The pharmacovigilance activities of ISP must be strengthened. Janssen-Cilag has developed an impressive pharmacovigilance unit which operates worldwide. In Chile, does Janssen-Cilag work in partnership with the authorities to bolster pharmacovigilance activities? What can be done to improve these efforts in the future?
Our pharmacovigilance unit located in Argentina is called SAFE and it also functions in Chile in partnership with the public authorities. Actually, the majority of pharmacovigilance activities taking place in the country are voluntary efforts by the pharmaceutical companies themselves. The government’s main role in pharmacovigilance is to manage a database that registers all claims and reports. Janssen-Cilag has its own internal processes that require us to inform the local authorities of any adverse reports for any of our products, but this is entirely voluntary because there is no legal requirement for companies to report these cases. At the same time we have to report these instances to our own pharmacovigilance unit. The innovative international companies would prefer that legal requirements existed, in order that all pharmaceutical companies provide the same amount of information necessary to improve the safety and efficacy of medicines.
With a high GDP and HDI, Chile presents many opportunities to conduct clinical trials. How has Janssen-Cilag been exploiting these opportunities? What do you believe is needed to expand the number of clinical trials in Chile?
There is no doubt that Janssen-Cilag expects to increase the number of clinical trials in Chile, it has been investing in R&D activities through Clinical Research Organizations (CROs) for many years and has recently opened its own R&D unit inside Janssen´s offices. and we certainly. It must be said that apart from all the other challenges of the public health authorities, Chile has an adequate legislation for the performance of clinical trials. Of course there is always room for improvement, but Chile already has in place a solid structure and institutions, such as ethics committees, that are reliable and organized. In terms of the regulatory environment for clinical trials, I would say that Chile is one of the more attractive countries for companies to conduct research activities in Chile than in other Latin American countries. As you mentioned, Chile offers the advantage of having very high health and economic indicators as well as low costs for clinical research. For these reasons, Janssen-Cilag is aiming to increase the number of clinical trials that we conduct in Chile.
Other innovative pharmaceutical companies have mentioned their efforts to stimulate research efforts in Chile by developing partnerships with local academic institutions. Does Janssen-Cilag have any similar initiatives to foster research in Chile?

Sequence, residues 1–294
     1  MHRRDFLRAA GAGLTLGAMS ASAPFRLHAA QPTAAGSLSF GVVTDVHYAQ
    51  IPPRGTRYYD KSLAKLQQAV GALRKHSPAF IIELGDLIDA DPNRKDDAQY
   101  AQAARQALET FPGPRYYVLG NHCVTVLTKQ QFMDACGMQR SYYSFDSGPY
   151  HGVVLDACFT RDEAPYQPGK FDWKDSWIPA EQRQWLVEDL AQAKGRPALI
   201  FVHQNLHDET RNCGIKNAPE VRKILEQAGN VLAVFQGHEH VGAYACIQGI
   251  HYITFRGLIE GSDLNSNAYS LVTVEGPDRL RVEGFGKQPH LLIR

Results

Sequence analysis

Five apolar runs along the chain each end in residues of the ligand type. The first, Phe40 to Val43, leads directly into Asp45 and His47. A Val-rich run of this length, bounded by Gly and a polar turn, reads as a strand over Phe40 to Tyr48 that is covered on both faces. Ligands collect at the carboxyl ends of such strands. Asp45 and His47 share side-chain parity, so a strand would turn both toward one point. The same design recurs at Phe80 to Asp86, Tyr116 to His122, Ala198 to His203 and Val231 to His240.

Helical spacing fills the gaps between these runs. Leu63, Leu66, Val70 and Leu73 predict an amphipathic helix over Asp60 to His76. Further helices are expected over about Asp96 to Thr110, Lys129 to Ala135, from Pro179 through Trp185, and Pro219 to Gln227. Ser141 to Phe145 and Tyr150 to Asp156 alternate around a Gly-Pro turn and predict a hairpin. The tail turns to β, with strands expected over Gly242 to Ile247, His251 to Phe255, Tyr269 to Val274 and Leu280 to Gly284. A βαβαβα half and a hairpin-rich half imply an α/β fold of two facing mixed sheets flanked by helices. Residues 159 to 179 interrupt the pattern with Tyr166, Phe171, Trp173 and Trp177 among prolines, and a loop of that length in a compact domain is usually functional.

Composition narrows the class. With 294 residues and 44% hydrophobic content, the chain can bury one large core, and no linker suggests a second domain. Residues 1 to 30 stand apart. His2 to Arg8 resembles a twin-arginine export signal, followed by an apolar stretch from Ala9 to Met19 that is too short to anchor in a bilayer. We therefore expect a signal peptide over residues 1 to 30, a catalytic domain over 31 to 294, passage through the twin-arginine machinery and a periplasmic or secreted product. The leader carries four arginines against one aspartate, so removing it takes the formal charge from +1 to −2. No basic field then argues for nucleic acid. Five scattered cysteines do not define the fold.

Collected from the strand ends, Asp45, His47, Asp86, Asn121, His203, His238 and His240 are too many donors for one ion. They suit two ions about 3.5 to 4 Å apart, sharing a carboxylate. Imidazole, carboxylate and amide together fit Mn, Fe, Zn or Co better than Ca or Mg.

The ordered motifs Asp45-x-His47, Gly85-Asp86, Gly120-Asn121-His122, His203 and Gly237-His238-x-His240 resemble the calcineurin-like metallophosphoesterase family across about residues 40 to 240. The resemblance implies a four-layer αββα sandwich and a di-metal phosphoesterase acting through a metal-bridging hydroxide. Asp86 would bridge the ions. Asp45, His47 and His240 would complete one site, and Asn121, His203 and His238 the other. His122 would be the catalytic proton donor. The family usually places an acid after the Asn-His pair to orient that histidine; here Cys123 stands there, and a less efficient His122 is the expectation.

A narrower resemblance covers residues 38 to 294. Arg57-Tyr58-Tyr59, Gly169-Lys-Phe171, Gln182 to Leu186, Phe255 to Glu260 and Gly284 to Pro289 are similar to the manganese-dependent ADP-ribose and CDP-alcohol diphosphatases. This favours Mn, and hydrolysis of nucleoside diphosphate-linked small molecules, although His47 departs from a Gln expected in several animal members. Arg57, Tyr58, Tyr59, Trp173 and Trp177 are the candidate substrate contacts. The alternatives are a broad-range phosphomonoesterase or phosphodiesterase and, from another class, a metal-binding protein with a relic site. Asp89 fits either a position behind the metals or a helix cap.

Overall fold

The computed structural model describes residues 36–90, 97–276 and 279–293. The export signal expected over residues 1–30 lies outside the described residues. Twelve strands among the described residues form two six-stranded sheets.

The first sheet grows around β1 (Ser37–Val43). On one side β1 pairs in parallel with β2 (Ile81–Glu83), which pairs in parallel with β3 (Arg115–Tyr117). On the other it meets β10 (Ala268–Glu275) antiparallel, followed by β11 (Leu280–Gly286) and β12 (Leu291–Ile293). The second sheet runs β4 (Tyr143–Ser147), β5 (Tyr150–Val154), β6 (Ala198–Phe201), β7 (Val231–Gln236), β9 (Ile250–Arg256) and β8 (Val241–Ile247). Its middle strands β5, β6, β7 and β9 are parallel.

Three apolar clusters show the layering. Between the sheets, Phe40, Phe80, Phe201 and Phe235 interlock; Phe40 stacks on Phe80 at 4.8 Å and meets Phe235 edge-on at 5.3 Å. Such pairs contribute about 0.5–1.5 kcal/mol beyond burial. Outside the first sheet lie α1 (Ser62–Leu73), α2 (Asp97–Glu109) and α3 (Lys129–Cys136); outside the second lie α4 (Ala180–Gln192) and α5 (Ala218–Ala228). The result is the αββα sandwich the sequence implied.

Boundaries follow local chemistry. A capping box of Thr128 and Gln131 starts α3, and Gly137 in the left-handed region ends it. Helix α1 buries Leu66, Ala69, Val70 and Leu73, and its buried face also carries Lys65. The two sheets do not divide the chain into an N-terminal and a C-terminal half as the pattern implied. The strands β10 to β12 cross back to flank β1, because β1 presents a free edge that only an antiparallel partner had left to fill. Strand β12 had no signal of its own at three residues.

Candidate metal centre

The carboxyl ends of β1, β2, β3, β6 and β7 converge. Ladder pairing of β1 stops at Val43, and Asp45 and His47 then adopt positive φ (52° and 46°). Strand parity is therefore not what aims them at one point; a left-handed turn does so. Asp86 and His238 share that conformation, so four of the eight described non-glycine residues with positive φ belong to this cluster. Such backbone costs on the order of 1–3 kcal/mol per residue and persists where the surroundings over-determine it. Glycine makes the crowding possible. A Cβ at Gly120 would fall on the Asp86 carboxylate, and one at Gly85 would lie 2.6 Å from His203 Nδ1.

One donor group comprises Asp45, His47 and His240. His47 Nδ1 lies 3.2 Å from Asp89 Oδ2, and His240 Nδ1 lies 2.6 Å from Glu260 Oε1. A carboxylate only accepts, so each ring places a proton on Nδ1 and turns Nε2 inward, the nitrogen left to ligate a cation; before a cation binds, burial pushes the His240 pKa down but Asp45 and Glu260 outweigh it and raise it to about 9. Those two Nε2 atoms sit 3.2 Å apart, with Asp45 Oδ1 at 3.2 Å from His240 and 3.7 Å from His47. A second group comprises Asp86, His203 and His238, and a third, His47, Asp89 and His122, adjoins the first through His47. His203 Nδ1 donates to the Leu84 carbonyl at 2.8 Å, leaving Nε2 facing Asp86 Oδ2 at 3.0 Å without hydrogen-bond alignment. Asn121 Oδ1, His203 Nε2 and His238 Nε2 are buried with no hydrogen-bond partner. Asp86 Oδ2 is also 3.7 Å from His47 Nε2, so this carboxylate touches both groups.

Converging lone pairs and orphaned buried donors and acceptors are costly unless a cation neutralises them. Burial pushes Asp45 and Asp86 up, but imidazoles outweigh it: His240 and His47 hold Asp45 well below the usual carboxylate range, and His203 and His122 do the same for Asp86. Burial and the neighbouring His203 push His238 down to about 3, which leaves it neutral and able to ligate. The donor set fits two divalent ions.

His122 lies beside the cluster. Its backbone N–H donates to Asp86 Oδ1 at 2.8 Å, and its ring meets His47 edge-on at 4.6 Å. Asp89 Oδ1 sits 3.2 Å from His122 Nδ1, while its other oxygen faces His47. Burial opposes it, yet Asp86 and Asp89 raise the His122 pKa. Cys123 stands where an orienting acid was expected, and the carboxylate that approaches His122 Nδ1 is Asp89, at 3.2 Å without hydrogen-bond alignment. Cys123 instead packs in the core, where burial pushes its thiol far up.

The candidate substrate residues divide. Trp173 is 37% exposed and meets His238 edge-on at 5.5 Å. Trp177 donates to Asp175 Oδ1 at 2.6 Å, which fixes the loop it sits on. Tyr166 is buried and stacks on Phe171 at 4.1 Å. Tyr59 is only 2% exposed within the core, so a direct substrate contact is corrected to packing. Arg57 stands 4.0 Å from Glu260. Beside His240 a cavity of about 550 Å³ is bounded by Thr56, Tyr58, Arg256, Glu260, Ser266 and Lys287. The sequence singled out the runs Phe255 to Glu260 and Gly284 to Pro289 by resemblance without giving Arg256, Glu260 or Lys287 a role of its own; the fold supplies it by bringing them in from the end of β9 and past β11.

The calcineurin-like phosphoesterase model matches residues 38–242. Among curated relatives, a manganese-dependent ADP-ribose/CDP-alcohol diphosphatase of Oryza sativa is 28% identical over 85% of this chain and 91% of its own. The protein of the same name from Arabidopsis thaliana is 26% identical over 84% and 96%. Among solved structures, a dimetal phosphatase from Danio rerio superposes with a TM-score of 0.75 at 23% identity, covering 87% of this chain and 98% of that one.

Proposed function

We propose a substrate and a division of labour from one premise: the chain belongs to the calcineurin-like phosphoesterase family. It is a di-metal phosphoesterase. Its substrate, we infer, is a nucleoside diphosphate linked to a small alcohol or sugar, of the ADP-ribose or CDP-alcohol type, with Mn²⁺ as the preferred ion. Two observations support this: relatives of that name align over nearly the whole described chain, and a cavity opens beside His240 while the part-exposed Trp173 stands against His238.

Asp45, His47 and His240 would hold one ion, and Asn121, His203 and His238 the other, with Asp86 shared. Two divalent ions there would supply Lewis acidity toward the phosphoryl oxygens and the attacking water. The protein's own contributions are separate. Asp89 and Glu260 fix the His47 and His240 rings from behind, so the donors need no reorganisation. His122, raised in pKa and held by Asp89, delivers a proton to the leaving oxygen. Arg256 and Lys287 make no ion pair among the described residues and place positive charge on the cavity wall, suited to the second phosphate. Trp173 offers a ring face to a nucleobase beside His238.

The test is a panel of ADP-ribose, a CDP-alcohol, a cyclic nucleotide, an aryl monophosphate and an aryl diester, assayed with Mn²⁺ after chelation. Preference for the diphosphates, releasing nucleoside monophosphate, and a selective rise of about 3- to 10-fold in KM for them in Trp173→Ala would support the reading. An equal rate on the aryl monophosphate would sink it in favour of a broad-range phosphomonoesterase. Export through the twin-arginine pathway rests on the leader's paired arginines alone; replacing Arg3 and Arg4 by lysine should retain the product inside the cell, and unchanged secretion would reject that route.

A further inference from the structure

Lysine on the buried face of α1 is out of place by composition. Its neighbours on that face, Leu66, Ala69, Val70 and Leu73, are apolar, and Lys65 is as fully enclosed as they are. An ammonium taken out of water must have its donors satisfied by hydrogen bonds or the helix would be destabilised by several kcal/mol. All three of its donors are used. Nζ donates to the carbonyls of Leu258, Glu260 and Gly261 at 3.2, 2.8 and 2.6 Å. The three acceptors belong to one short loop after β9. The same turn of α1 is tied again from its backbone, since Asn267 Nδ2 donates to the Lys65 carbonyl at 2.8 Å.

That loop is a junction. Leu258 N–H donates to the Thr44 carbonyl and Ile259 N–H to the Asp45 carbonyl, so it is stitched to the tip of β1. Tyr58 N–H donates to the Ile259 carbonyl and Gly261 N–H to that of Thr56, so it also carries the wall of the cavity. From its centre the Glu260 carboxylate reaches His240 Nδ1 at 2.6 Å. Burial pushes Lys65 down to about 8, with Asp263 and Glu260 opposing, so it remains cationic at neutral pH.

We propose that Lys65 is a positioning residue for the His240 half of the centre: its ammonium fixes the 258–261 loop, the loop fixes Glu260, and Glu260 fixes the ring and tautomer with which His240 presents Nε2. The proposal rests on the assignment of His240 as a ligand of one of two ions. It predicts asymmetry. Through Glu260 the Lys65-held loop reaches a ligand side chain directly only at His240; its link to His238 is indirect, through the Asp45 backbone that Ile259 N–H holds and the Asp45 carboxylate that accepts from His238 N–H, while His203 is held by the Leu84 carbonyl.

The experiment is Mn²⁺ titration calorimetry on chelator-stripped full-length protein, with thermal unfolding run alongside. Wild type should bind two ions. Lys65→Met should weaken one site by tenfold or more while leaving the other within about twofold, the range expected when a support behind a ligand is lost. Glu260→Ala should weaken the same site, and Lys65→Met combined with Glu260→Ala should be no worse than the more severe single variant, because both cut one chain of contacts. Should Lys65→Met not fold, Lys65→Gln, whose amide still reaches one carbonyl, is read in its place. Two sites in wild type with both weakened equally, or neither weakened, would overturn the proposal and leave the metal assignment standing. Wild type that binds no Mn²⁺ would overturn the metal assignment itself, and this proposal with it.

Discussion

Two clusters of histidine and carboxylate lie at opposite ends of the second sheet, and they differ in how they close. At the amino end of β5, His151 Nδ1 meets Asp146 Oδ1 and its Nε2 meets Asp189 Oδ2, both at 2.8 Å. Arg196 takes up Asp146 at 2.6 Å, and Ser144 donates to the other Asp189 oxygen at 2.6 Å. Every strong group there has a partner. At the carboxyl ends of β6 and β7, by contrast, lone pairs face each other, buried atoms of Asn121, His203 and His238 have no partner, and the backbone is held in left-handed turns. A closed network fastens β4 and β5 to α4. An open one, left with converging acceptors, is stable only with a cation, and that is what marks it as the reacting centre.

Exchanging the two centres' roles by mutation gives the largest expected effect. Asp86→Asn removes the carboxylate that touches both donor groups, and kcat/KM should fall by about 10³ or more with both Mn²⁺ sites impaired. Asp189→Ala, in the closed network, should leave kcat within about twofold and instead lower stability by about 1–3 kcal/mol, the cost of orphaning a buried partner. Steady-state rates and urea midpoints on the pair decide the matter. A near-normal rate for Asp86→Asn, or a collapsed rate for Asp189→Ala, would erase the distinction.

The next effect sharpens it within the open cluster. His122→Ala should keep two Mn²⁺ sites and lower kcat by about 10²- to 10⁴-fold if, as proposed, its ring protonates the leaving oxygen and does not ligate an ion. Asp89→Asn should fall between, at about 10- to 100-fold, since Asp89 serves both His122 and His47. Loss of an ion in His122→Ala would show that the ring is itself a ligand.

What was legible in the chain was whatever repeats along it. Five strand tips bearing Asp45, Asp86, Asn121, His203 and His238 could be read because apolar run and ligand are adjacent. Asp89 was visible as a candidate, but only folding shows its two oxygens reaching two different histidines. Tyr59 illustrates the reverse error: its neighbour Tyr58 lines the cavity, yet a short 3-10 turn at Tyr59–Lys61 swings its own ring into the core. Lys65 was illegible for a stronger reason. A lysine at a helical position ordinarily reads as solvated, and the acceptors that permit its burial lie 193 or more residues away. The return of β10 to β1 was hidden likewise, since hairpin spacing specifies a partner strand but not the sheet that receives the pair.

No, unfortunately Janssen-Cilag has not developed any partnerships with academic institutions in Chile. Interestingly enough, Chile has a very rich intellectual pool, especially in the scientific community, but it is not being used to its full potential. The problem lies in the lack of investment to reap the benefits of these professionals. Chile today has one of the lowest investment rates in research at the Latin American regional level. This is indeed a pity because there is much potential for the country but is yet to be exploited. In order to further develop this area it is necessary an articulation between government and the private sector. But the private sector should be attracted to invest in research through financial and tributary incentives put in place by the government. Ultimately it has to be a joint effort, and this is the only way that we would be able to push forward.
Janssen-Cilag has a human resource management policy that aims to enhance employee satisfaction by investing in the welfare and careers of its employees. What actions does Jansen-Cilag take to attract and retain the best talent in Chile?
This is crucial to the success of any company. The most important concept to understand is that human resources and talent is a valuable asset that competitors cannot copy, because talent is unique and therefore has to be valued as such. Once this has been recognized then you have already achieved the first step in cultivating your human resources.
The second most important aspect of talent management is to ensure that managers themselves have the necessary skills and knowledge to properly manage the available talents within the company. Many times this factor is ignored, because even if I have a consistent human resources policy in place that aims to improve the careers of employees, the deciding factor is always the ability of managers to make use of the talent available. Fortunately, this is something that is encoded into the culture of Johnson & Johnson as a company, so in my 23 years working for the group, I have been able to learn the entire process of talent management – from the detection, to the development and retention of talented employees.
What is your vision for Janssen-Cilag in Chile for the next 3 to 5 years? Where would you like to take the company by then?
My vision is to establish Janssen-Cilag as a reference for pharmaceutical companies in Chile. The goal is to develop the company so that it is regarded as a standard in its ethics, social responsibility and professionalism. We want our partners to consider us a solid company to work with and our employees to see us as a great company to work for.